Based on their in vivo activity, cytokines can be divided into pro-inflammatory, anti-inflammatory, mitogenic (i.e. regulating cell growth and proliferation), hematopoietic and chemotactic (chemokines) ones.
Inflammation, although with a different composition of the cellular infiltrate, is a common denominator of three skin diseases: atopic dermatitis, psoriasis and cutaneous mastocytosis, which are the subject of our interest.
The aim of this paper is to present a concise overview of the role of cytokines and chemokines in the pathogenesis of the abovementioned diseases.
Among the numerous pro-inflammatory cytokines interleukins (IL) have a particularly strong representation with IL-1, IL-6, IL-8, IL-12, IL-15, IL-17 and IL-18. In addition, the following cytokines also have proinflammatory properties: tumor necrosis factor- (TNF-), interferon- (IFN-), oncostatin M (OSM), granulocyte-macrophage colony-stimulating factor (GM-CSF) and macrophage colony-stimulating factor (M-CSF). Proinflammatory cytokines stimulate both cellular and humoral inflammatory response – activation, adhesion and aggregation of neutrophils and mast cells, lymphocyte proliferation, antibody production in B cells, liver production of acute phase proteins and hypothalamic fever reaction. Interleukin-1 and TNF- are primary inflammatory cytokines as they are produced during the early cellular response to inflammatory stimuli (e.g. bacterial lipopolysaccharide), which activate the cell towards the production of secondary inflammatory cytokines (IL-6, IL-8, IL-12, IL-15, IL-17, IL-18). Anti-inflammatory cytokines including IL-4, IL-10, IL-11, IL-13 and TNF- exert their anti-inflammatory effect by inhibiting the production of pro-inflammatory mediators and by stimulation of the production of the soluble receptors to the cytokines. Growth and proliferation regulators comprise another cytokine group. IL-2, IL-4, IL-5, IL-12, PDGF, VEGF, FGF, EGF and TGF- stimulate cells of the immune system to proliferate and grow. Hematopoietic cytokines including GM-CSF, M-CSF, G-CSF, SCF, hemopoietin and IL-6 stimulate the proliferation of the bone marrow stem cells. Chemotactic cytokines, for example IL-8, RANTES (regulated on activation, normal T expressed and secreted) and monocyte chemotactic protein-1 (MCP-1), determine the chemical gradient for the leukocytes to follow towards the inflammation site [2–10].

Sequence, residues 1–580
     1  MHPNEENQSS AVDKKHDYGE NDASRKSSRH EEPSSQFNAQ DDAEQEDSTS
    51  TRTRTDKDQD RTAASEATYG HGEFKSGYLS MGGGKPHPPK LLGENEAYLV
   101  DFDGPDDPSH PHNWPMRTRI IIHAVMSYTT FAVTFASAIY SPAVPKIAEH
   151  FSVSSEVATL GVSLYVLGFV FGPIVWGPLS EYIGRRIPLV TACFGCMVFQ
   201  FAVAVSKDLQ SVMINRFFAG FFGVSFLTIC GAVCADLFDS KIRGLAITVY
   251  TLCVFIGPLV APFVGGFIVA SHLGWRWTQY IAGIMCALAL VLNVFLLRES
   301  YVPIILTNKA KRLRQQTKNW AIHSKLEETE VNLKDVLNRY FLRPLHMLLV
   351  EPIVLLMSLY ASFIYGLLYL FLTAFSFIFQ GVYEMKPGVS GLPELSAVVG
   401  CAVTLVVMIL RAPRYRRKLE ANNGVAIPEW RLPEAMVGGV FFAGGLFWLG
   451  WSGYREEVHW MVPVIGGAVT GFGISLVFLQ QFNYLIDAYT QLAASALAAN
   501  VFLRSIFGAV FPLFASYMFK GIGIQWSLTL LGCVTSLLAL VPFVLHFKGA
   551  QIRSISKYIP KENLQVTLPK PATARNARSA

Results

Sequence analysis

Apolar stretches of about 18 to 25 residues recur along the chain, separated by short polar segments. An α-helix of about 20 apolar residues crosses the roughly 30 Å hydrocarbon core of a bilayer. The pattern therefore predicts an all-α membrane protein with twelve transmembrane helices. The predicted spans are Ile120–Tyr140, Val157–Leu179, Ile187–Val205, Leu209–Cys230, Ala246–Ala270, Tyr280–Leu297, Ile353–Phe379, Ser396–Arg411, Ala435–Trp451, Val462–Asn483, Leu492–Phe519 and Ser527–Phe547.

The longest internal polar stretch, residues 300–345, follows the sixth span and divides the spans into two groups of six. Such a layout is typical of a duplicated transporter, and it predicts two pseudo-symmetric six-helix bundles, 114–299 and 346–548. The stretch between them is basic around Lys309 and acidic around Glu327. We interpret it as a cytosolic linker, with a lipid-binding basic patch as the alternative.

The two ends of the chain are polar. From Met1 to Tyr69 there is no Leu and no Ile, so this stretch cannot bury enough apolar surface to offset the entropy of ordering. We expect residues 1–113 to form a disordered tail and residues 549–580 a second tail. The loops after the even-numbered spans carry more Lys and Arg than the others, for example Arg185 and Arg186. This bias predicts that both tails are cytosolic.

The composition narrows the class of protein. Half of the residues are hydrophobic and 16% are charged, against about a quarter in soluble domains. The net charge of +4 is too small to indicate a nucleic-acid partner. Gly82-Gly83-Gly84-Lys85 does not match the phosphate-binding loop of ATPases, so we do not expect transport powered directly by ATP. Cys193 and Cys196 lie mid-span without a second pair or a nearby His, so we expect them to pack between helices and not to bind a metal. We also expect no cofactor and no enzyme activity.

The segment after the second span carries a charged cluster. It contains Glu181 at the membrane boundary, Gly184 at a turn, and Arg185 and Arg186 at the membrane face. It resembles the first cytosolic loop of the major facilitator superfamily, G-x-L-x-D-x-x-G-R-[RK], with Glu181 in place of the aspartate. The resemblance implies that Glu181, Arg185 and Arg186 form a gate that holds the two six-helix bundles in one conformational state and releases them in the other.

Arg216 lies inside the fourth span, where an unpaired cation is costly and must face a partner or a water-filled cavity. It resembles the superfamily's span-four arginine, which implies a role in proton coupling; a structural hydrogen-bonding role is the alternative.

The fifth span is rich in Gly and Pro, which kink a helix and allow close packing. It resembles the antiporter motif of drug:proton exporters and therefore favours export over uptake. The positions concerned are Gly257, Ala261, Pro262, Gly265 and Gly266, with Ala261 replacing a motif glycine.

Chemokines are a group of 8–11 kDa proteins, which may be classified into four sub-groups, according to the polypeptide chain cysteine location: C, CC, CXC and, CX3C [5]. Nomenclature of chemokines and their receptors is based on the numbers allocated according to the order in which they were discovered and described. Each number is accompanied by letter L – for the ligand or R – for the receptor. Most of the known chemokines (over 50) belong to the CC and CXC families. Chemokines interact with the cells via extracellular domains of the receptor proteins. Some receptors bind multiple chemokines, and various chemokines can interact with several different receptors (Figure 1) [2–10].